Success is great, but also brings new challenges. If we continue on this trend of 10xing the number of indieweb sites per year, it’s going to happen real soon. Something to be proud of and to be keeping in mind.
Last year’s SWAT0 demo
The last thing I want to show you is what we finished at the end of last year’s main IndieWebCamp.
How many people were here last year? (show of hands)
A lot of new folks this year.
This is the SWAT0 demo. I’m going to play it for you.
[plays SWAT0 Demo video]
Achieiving SWAT0 was pretty awesome. If you want to get your site working on SWAT0, as one of the players like that, I think that would be a great goal for the weekend.
The key thing this weekend is to make something, anything, for yourself, for your own site. Whatever that is, nothing is too small.
Try to meet someone you don’t know. There are a lot of new folks this year. Go meet somebody you don’t know.
Help somebody out. One of the reasons we are a community is because we have different levels of expertise in different things, whether it is in engineering, development, different languages or frameworks, whether it’s design, visual design, or copy-editing, people that are really good at writing small bits of text, which is sometimes one of the hardest tasks.
This is a really diverse community, with diverse skills. When you meet people, find out what you can help them with, what they can help you with, and help each other out.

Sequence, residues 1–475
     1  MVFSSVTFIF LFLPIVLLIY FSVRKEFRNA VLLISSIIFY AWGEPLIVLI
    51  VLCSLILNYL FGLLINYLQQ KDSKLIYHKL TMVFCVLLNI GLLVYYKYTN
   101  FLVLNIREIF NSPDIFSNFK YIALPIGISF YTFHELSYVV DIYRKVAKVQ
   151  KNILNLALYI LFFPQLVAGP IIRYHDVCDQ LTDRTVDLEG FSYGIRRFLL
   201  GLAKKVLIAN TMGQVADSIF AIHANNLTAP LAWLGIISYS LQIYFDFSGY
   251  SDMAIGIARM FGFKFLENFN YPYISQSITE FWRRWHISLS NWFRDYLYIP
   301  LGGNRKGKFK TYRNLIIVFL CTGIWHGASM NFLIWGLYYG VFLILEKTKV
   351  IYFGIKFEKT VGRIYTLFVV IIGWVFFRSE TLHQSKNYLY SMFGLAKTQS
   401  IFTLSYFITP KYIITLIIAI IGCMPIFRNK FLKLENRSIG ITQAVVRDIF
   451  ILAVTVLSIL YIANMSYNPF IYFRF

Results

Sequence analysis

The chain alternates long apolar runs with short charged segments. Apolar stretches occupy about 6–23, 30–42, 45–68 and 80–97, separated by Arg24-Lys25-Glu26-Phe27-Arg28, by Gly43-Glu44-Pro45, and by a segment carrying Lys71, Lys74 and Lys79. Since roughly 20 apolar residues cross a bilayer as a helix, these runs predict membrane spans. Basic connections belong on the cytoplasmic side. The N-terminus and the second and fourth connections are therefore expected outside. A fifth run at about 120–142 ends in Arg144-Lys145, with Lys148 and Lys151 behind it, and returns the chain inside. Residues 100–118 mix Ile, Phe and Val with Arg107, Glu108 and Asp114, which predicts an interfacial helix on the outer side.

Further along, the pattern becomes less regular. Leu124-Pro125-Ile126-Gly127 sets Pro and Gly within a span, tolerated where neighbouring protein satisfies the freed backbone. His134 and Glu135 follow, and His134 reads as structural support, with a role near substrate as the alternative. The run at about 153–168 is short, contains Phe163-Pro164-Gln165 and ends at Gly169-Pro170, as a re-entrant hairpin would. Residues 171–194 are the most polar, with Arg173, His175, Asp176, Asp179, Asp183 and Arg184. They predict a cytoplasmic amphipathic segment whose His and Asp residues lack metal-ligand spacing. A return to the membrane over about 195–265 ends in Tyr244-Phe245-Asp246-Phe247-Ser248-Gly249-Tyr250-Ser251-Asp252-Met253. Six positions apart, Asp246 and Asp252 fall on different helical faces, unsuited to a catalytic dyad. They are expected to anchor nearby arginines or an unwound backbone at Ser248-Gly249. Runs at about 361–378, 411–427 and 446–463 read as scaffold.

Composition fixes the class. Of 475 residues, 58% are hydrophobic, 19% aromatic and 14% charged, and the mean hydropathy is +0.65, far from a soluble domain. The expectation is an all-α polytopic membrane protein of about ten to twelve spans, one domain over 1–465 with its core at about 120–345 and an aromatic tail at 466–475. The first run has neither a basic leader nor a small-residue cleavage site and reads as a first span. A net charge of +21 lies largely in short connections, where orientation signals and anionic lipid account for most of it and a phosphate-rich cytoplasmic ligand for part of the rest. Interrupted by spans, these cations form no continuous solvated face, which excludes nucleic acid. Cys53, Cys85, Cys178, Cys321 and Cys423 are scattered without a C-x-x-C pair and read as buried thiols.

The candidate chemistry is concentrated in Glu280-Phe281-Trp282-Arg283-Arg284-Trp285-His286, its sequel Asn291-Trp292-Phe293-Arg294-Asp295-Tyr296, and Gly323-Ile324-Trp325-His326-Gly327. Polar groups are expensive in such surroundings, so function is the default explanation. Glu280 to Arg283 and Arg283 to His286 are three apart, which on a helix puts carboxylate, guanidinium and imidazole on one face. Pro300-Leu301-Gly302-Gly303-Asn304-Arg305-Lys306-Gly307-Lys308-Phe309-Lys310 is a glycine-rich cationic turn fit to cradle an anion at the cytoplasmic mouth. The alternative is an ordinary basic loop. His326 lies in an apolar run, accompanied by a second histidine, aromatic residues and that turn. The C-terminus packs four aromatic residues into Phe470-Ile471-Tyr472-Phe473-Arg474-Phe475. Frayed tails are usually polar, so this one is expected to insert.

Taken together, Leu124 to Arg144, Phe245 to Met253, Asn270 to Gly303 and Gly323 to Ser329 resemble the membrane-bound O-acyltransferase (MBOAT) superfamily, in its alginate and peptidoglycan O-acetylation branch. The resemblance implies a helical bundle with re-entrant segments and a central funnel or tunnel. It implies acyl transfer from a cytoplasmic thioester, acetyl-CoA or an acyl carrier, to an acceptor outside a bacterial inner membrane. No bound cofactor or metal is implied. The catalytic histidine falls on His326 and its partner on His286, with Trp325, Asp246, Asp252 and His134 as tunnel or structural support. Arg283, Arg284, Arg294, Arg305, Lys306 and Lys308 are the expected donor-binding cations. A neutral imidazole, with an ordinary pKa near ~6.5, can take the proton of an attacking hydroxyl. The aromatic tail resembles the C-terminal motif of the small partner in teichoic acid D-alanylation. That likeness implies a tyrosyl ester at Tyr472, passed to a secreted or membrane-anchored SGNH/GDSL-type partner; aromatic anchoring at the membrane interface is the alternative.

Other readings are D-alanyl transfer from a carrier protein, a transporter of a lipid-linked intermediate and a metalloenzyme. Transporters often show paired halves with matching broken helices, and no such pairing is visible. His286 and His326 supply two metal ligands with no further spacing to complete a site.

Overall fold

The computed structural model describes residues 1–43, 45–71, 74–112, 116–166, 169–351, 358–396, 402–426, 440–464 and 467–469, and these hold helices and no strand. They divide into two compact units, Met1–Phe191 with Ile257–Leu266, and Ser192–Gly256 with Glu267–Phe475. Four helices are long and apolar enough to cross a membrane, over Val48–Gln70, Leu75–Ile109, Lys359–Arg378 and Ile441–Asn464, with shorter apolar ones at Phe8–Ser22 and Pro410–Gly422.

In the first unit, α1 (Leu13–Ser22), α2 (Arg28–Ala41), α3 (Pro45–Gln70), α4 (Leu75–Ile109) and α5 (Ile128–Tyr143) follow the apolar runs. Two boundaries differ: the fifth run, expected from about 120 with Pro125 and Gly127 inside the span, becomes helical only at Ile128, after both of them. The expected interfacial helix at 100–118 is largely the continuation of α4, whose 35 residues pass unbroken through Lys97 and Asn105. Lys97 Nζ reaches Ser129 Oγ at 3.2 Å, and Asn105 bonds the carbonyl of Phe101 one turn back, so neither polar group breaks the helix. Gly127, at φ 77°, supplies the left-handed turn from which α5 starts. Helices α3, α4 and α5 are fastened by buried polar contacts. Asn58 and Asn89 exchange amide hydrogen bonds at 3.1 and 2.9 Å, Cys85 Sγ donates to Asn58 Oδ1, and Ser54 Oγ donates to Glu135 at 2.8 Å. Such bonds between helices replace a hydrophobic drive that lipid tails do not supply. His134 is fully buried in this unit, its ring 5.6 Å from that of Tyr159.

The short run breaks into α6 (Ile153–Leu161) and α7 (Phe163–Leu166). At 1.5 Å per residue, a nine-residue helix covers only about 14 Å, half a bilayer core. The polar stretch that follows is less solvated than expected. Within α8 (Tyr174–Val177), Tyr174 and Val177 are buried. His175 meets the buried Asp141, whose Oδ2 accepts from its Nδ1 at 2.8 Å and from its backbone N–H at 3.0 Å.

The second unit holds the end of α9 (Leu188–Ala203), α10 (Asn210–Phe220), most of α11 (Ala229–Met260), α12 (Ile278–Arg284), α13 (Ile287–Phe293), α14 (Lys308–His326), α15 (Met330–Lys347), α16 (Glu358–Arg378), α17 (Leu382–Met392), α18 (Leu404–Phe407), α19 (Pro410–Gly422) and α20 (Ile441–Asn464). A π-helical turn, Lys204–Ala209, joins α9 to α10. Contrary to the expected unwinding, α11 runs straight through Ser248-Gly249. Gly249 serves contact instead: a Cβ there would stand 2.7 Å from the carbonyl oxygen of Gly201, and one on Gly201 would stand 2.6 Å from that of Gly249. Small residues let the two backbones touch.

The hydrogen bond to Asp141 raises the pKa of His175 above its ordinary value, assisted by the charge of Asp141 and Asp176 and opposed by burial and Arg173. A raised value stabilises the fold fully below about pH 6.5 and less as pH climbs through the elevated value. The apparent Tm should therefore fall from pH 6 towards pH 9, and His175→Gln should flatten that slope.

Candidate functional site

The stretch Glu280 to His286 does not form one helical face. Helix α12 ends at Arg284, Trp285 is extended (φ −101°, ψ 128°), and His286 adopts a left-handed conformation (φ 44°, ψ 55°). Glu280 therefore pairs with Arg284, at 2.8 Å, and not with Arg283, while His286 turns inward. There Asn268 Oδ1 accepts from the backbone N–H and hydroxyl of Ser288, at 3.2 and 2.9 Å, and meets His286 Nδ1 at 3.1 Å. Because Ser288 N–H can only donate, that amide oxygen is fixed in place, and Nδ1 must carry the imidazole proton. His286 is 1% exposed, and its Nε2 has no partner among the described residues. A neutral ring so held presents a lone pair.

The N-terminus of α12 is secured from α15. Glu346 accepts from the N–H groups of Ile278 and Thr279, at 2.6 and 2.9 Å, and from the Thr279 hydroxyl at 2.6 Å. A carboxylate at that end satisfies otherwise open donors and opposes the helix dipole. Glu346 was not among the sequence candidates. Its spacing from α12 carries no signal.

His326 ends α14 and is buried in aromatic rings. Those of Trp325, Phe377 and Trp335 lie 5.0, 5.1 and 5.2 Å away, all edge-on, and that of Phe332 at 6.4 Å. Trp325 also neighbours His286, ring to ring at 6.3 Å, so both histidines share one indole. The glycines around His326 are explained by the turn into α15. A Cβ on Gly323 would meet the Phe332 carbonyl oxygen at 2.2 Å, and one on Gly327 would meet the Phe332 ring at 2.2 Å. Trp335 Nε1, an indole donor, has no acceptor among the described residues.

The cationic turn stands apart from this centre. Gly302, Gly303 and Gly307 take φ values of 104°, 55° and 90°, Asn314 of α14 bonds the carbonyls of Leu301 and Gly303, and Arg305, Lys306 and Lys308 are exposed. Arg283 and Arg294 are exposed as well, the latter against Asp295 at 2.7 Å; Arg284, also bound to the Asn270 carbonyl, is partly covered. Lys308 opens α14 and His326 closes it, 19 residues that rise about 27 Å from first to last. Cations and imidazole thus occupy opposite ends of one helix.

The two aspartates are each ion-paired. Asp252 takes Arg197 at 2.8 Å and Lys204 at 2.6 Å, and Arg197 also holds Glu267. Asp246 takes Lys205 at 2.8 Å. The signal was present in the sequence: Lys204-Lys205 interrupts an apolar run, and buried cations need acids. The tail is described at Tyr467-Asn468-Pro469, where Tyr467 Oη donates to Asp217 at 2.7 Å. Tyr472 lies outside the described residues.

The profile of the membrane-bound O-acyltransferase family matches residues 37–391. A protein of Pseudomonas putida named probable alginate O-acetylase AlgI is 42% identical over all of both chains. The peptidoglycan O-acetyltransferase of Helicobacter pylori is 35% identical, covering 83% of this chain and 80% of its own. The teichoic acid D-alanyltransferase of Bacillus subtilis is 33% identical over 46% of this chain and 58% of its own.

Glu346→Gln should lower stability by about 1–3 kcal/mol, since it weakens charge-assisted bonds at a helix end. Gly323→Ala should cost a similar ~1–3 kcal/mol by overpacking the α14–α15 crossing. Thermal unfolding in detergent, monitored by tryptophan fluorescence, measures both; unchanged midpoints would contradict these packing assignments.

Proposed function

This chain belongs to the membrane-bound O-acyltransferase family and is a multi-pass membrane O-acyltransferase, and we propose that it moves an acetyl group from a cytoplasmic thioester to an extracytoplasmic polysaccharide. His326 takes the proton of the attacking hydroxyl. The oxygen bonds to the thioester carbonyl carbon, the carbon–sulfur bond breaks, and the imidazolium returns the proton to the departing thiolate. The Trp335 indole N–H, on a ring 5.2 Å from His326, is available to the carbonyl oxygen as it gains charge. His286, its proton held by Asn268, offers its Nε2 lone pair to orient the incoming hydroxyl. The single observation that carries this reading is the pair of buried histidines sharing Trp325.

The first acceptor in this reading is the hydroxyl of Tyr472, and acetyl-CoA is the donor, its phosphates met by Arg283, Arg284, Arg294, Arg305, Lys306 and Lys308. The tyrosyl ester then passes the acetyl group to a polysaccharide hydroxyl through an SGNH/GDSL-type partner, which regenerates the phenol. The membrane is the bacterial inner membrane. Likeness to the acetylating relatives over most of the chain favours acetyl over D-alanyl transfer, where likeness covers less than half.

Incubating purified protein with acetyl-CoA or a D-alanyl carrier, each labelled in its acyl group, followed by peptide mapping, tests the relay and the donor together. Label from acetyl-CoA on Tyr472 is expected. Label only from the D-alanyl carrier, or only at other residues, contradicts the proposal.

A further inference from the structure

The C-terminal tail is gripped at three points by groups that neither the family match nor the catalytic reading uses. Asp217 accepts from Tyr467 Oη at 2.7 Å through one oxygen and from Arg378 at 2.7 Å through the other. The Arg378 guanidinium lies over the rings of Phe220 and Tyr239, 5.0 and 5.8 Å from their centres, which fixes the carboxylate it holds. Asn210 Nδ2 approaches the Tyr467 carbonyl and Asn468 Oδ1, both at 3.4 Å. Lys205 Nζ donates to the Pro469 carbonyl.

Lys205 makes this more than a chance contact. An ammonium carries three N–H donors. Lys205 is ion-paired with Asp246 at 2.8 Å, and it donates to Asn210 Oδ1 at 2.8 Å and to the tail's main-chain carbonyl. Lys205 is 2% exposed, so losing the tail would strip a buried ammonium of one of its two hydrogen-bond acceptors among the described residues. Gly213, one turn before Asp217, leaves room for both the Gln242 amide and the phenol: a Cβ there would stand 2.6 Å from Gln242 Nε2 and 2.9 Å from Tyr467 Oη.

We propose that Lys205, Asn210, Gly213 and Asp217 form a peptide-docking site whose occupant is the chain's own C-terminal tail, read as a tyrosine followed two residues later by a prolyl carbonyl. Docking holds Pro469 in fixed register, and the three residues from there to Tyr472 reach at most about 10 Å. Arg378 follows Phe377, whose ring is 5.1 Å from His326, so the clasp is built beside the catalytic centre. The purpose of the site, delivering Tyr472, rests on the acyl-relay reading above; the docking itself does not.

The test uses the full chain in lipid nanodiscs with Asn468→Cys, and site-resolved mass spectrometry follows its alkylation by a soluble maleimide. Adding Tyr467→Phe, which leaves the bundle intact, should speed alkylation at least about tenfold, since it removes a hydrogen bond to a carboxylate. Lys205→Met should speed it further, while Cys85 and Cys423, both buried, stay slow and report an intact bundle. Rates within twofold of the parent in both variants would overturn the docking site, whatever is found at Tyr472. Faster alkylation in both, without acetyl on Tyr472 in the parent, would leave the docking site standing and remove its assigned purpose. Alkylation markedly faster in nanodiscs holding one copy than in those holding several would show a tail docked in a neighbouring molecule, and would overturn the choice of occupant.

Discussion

Lastly, show something. This is where I really want to emphasize:
Don’t let the pursuit of perfection stop you from making progress.
It’s really easy to think I have to get things just right before I show them, to my peers, to be proud of what I do, I don’t want to have it be off by a pixel. Don’t worry about it.
Get something working, make some progress, don’t let the goal of perfection stop you from doing that, show it, and then iterate.
We’re all iterating here, as you can see even the wiki itself with the new theme, that’s something that could use some iteration.
Dream something up, make something, and share it.
And that’s the State of IndieWeb 2016.
- IndieWebCamp: 2016/state-of-indieweb - my speaking notes which I referenced on my iPad while speaking.
- IndieWeb Summit Portland notes by Kevin Marks
Thanks to Ryan Barrett and Kevin Marks for proofreading this post.